Be charmed by the colors of New England from the heart of historic Boston to the farms, mountains, and coast of the North. Begin your journey in historic Boston. Explore Woodstock, Vermont, a quintessential New England village. Watch apples transform into cider before your eyes at Cold Hollow Cider Mill. Learn about the maple sugaring industry of New England on a farm tour of the Rocks Estate. Relax as you cruise along Lake Winnipesaukee and admire the splendid views. Dig in at a traditional New England lobster dinner. Travel up the winding Auto Road to see the stunning views from the summit of Mount Washington. Marvel at Maine’s dramatic coast and discover the seaside communities of Portland and Kennebunkport. This is New England at its finest.
As the site of the famous "tea party," Boston is known for its sense of independence. Founded in the 1630s as a city in one of the original 13 colonies, Boston has a long history from the War of Independence and America's struggle to freedom from British rule. Famed sites include the Old North Church made famous by Paul Revere, Faneuil Hall, the "Make Way for Ducklings" statues and the USS Constitution or Old Ironsides.
Vermont's "Little Grand Canyon" and deepest gorge was formed from glacial activity approx. 13,000 years ago. During the 19th century the park land was part of a woolen mill which employed much of the town. Wool from the mill was made to make Major League Baseball uniforms and blankets for the U.S. Armed Forces. Today the gorge is a beautiful natural area from where visitors can camp, hike or see breathtaking fall foliage.
Graced with a historic Main Street, white steepled church and surrounded with wonderful views, Stowe was settled in 1794. Essentially a farming community, Stowe became a tourist destination by the Civil War era. Though nicknamed the Ski Capital of the East, autumn allows visitors to enjoy local products such as apple cider and maple syrup in its many eateries.
Nestled in the heart of New Hampshire's famed White Mountains, the Rocks Estate is a reserve featuring a Christmas tree farm and Maple Sugar Museum. From mid February to the middle of spring, maple trees are tapped for the creation of maple syrup. With the help of a virtual tour and museum, visitors can learn of this centuries-old NH tradition.
Located in the heart of the Mt. Washington Valley, North Conway is the commercial centerpiece of the area. Noted for its shops, North Conway is a place to purchase New England crafts or factory outlet goods.
Traverse the 34 mile long (54 km) famous highway for a meandering view of New Hamphire's scenery. The "KANC," as it is known, has no evidence of the modern world. Restaurants, hotels and gas stations are left behind providing visitors the chance to focus on nature's glory.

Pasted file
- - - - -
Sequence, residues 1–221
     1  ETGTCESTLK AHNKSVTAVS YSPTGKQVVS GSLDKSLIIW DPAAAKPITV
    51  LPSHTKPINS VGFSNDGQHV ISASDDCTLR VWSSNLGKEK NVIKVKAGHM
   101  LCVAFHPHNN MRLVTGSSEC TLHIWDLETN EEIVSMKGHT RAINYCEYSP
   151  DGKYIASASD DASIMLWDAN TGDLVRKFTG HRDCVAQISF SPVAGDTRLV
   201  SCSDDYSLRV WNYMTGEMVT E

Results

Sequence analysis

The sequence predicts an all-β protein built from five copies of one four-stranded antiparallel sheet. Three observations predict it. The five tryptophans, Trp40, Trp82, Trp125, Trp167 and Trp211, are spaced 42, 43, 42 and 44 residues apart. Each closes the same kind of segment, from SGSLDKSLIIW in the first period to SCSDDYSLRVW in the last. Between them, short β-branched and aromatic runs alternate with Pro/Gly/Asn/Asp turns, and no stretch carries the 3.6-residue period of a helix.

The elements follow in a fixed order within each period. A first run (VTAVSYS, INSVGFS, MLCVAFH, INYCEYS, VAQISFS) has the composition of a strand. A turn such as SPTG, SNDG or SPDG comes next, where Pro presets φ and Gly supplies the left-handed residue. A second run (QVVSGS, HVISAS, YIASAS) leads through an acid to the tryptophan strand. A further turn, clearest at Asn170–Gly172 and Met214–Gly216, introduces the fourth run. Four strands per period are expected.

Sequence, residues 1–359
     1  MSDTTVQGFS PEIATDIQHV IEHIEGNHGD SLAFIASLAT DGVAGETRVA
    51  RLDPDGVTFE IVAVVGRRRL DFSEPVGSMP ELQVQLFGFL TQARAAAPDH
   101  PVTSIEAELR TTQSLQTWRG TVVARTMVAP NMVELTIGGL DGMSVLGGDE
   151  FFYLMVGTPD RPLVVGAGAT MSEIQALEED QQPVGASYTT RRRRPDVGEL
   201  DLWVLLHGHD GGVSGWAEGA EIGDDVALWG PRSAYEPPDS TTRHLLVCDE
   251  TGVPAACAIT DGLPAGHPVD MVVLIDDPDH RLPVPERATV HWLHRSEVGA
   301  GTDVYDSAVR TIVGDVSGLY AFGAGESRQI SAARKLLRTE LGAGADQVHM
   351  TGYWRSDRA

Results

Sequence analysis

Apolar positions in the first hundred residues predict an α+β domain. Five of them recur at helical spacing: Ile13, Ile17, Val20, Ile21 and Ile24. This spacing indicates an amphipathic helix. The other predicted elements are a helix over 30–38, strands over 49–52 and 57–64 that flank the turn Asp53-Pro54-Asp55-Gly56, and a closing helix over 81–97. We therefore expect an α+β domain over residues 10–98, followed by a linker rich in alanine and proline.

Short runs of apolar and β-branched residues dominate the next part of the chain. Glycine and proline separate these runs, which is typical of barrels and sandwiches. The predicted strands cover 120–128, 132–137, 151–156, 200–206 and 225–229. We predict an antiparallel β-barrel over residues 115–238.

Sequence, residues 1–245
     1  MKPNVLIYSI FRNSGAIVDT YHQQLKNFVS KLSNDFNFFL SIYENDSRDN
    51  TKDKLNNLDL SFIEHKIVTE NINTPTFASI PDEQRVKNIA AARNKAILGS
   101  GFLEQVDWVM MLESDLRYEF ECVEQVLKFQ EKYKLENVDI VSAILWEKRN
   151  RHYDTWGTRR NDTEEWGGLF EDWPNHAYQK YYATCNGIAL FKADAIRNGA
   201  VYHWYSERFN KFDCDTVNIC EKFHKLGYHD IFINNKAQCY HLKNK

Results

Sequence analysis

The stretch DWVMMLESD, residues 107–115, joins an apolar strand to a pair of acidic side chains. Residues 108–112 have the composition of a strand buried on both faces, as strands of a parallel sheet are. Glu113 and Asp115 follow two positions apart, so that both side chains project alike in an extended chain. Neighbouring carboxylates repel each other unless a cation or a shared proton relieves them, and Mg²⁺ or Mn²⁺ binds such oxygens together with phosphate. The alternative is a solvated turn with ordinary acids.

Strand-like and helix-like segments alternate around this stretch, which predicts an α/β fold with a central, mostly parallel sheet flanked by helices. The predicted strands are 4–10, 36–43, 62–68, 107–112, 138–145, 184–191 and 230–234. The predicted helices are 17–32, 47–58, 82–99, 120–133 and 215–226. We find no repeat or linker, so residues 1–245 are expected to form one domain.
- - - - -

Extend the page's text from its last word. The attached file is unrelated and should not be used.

Lake Winnipesaukee Cruise
This largest lake in New Hampshire is distinguished by crystal clear water and dotted with over 200 islands. Nearby attractions include a Rhine River styled castle, a family fun beach and a scenic railway. The lake has been a tourist destination for over a century drawing visitors from nearby Boston and New York.
Once home to sea captains and known now as one of America’s Coolest Cities,” Portland is all about vibes: funky, historic, cultured and cultural. On its perch over Casco Bay, Maine’s largest urban area is bursting at the maritime seams with enough museums, boutiques, bars, and restaurants to rival any concrete metropolis. Among centuries-old brick buildings and cobblestone streets, find yourself in the middle of the action at the historic Old Port. In eyeshot of the Portland Head Light, Maine’s oldest, most photographed lighthouse, see the commercial fishing boats come and go out of Portland Harbor, and watch the crab traps being pulled out of Portland Harbor. Experience a world-class dining scene where a culinary boom has embraced seafood crudo and foie gras, but hasn’t abandoned the lobster roll. Discover Portland – a vibrant example of Maine’s singular motto: Vacationland.
Kennebunkport is a town in Maine located on the Kennebunk River, approximately 1 mile from the mouth of the Atlantic Ocean. Historically the town was known as a shipbuilding and fishing village. It has been a popular summer colony and seaside tourist destination for over a century, and is one of the most popular tourist destinations in the state of Maine. Former President George H. W. Bush is known for having a summer home here, located on Walker’s Point.
When the first European settlers reached North America, lobsters would reportedly wash up on shore in piles up to two feet high. Routinely fed to prisoners, slaves, apprentices and children during the Colonial era and beyond, lobster became known as the poor man's protein. Considered a delicacy by WW II, American lobsters (or Maine lobsters) can grow up to 40 lbs (18 kg) and be 3 feet long (91 cm).